May 102011How To Tuesday: Extreme Couponing (Part 4)

Topic: Understanding The Coupon

If you’re just joining us, I started a How To Tuesday series to help you learn how to achieve Extreme Couponing status. You’ll learn how to coupon shop step-by-step and take your regular couponing to Extreme Couponing. If you’re new, be sure you check out our previous week’s features.

Today I’m going to review what exactly all that stuff on the coupon actually means. You’ll be ready with explanations when your cashier says, “You can’t use this.”

:: Coupon Fine Print

There are tiny words printed on the bottom on your coupons. If they beep at the register, your cashier may attempt to read this and explain why you can’t use the coupon. Know before you go what it all means.

One Coupon Per Purchase – This means that you can use one coupon per item you are purchasing. If you are buying a second item, you’ll need a second coupon in order to get the same savings.

One Coupon Per Transaction – This means that you are only allowed one coupon for this item in a single transaction. So if you want to purchase a second item and use a coupon, you’ll need to do a separate transaction.

Once you know the difference, you’ll be more confident couponer. You’ll be ready to explain because cashiers often confuse purchase and transaction.

:: Coupon Bar Codes

Despite what coupons say, the bar code may indicate something completely different. Here are a few things to keep your eye on when you are looking at that coupon barcode.

Do Not Double – Many times coupons will say “Do Not Double”. This can be misleading. If your store offers double coupons (Safeway, Kroger etc), and the coupon bar code starts with a 5, it will double regardless what the coupon states. If the bar code starts with a 9, it will not double.

BOGO Coupons – Most buy on get one free coupons “attach” to only one item at checkout which means you can use a second coupon. I usually indicate this in my matchups and suggest you use a $1/1 coupon on the first item and the BOGO coupon on the second item. However, sometimes BOGO coupons “attach” to both items at checkout. These coupons have a number 14 in the barcode. You’ll find it in last two digits in the second set of five numbers. In the example above, it would be where the ’70’ is.

Knowing what your coupon means before you go can eliminate some of the questions at the register.

:: Printable Coupon Security Indicators

People photocopy coupons. It’s a sad fact. They shouldn’t but for some reason they do it anyway. So, when cashiers see multiple copies of “like” coupons, they are more likely to refuse them as fraudulent. Thankfully the printable coupon sites build in security features to try to prevent people from copying. This is great because you can prove your coupons are legit., Red Plum and Bricks coupons have a security code on the upper right of the coupon. Beneath it is a unique set of 16 numbers. When you print multiple coupons, this unique set of numbers will change. When you give your cashier two of the same printable coupons and they ask if you photocopied them, show them the different numbers there to prove the coupons are unique. coupons have a pin number listed in the upper right of the coupon. Like the security code above, this is to prevent people from copying and each coupon prints with a unique pin. This feature makes it easy to prove to your cashier that your multiple copies are legit.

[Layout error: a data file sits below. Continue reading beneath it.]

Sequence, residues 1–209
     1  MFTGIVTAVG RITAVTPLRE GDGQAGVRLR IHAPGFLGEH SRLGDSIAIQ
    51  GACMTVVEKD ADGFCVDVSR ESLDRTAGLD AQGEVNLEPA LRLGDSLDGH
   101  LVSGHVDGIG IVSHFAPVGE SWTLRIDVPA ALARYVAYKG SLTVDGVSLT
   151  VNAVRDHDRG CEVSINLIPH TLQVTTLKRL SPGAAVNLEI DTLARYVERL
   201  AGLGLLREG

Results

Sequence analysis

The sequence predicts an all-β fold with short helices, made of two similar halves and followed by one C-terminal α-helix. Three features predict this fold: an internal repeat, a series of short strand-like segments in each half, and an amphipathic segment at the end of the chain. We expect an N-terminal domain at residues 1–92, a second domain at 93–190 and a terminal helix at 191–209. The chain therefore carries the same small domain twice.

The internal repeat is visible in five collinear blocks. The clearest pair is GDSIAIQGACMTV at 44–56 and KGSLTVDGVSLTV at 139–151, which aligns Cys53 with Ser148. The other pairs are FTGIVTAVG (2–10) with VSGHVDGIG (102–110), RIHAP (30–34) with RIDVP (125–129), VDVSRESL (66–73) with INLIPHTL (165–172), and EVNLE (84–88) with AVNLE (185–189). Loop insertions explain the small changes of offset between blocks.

It’s always a good idea to be an honest, ethical couponer. This makes things easier for everyone in the long run. By knowing precisely what your coupon means, you can use coupons correctly and show your cashier that honest couponers do exist!

Experienced Couponers Chime In! Did I miss any lingo explanations you think might be helpful?

Check out the entire How To Tuesday feature to learn how to achieve savings success using coupons.


  1. This was really helpful. Thanks! 🙂

  2. Great tips! Thank you!

  3. Thank you. I am new to couponing and have found this information very helpful. P.S. I am a legitimate couponer not a photo copier. :0)

  4. Thank you so much! This info is very helpful! 🙂

  5. This information is very useful. Wow, thanks!

  6. Shellie, thanks for all your tips daily! Love it!
    Can you explain to me how coupons work when the store has buy one get one free.
    Rite aide has vitamins on sale BOGO this week…….can I use two coupons…one for each item? Confusing! Help!

    • It depends on the store’s coupon policy. I know Safeway will not allow you to use a coupon on the free item. CVS and Walgreens will allow you to use a coupon on the free item. It will just greatly vary by store.

  7. If a store is running a Buy 1 Get 1 sale and I have a Buy 1 Get 1 coupon. Do I get 1 or 2 for free (1 from free with the coupon and 1 free from the store)? Thanks for your help.

  8. I am new to couponing. If there’s a 10/10 deal. And I have one .50cent coupon. Do I need 10 coupons or does that apply to all of them?

  9. If a coupon says ” save .50 on any two,” can i use two coupons – one for each item?
    So this week cvs has campbells soup on sale at 2 for $3 and i have to buy two to get the deal.
    I have a coupon that says “save .50 on any 2.”
    So with one coupon i can get 2 soups for 2.50, which doesnt really seem like a great deal.
    ????? Feeling confused.

  10. I’m confused about what you mean by “attach.” Could you explain that section a little more?

  11. Hi Shellie, I’m just now looking into the whole couponing thing and I’m loving your site so far…. My question is along the same lines as Aimee… When your coupon “attaches” to 1 item, you can use another coupon… understood. However, when it “attaches” to BOTH items, does this mean you can use another coupon for each item or does this mean you cannot use another coupon at all?

    Thanks for all the great tips!!